Manufacturing activity in the central Atlantic region advanced slightly in February, following several months of modest declines, according to the Richmond Fed's latest survey. The index of overall activity inched up as shipments steadied and solid gains in new orders offset a slight decrease in employment. Other indicators were mixed. Backlogs of orders stabilized for the first time in six months and capacity utilization was unchanged from a month ago. Vendor delivery times grew at a slightly slower pace, while manufacturers reported slightly quicker growth in finished goods inventories.
Looking ahead, assessments of business prospects for the next six months were generally more positive than our last report. Firms anticipated that their shipments, new orders, average workweek, wages and capital expenditures would grow more rapidly in the months ahead.
Survey measures of prices revealed that growth in raw materials and finished goods increased at a slower pace in February than a month ago. Respondents indicated that during the next six months they expected slower growth in both raw materials and finished goods prices from what they had anticipated last month.
In February, the seasonally adjusted composite index of manufacturing activity — our broadest measure of manufacturing — turned positive, moving up to 2 from January's reading of −2. Among the index's components, shipments picked up two points to 0, and new orders gained eight points to finish at 9. However, the jobs index slipped two points to end at −7.
Other indicators also varied. The backlog of orders measure jumped 13 points to 0, while the index for capacity utilization held steady at −3. The delivery times index dropped three points to end at 2. Our gauges for inventories were mixed in February. The finished goods inventory index picked up three points to 13 and the raw materials inventory index slipped back four points to finish at 5.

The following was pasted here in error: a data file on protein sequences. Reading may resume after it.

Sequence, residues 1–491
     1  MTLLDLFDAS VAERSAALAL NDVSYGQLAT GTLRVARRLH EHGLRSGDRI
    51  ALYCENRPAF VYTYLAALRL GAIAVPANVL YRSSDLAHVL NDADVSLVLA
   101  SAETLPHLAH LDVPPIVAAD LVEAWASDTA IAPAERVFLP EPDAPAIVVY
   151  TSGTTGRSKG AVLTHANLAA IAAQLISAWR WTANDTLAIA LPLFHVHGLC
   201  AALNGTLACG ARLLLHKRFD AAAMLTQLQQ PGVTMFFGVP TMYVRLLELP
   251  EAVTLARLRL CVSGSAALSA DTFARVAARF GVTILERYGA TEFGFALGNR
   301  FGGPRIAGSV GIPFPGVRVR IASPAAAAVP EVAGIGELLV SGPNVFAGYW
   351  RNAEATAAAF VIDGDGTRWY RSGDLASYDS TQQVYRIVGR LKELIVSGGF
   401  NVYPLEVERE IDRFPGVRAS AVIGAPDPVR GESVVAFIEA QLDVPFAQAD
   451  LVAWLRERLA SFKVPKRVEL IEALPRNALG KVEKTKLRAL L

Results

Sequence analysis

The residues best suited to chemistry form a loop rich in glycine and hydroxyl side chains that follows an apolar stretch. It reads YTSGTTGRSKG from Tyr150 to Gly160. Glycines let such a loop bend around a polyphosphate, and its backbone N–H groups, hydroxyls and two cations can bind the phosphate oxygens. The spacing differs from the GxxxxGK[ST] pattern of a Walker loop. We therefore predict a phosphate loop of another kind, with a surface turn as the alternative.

Hiring activity at District plants weakened further in February. The employment index trimmed two points to end the month at −7, and the average workweek measure edged up two points to −4. In addition, wage increases slowed, with the index decreasing three points to 3.
In our latest survey, contacts were generally more positive about their business prospects during the next six months. The index of expected shipments advanced eight points to 37, and the new orders index moved up five points to 39. The index for planned capital expenditures edged up two points to 22, while the vendor delivery times expectations index held steady at 6. The backlogs and capacity utilization indicators grew more slowly, losing three and four points, respectively, to finish at 17 and 22.
Manufacturers' intentions to expand employment were mixed in February. The expected manufacturing employment index fell four points to −1 from a month ago. The average workweek index, however, rose six points to 20 with manufacturers preferring to increase hours while remaining cautious about hiring. Moreover, the expected wages index posted a three-point gain to 37.
District manufacturers reported that raw materials prices increased at an average annual rate of 1.68 percent compared with January's reading of 1.89 percent. Finished goods prices rose at a 0.97 percent pace — a notable drop from January's reading of 2.29 percent.
Looking forward, respondents expected that the prices they pay will advance at a 2.21 percent pace, considerably lower from the previous month's expectation of 3.09 percent. Additionally, contacts looked for finished goods prices to increase at a 1.14 percent annual rate during the next six months versus last month's expectation of 1.89 percent.
Senior Economic Analyst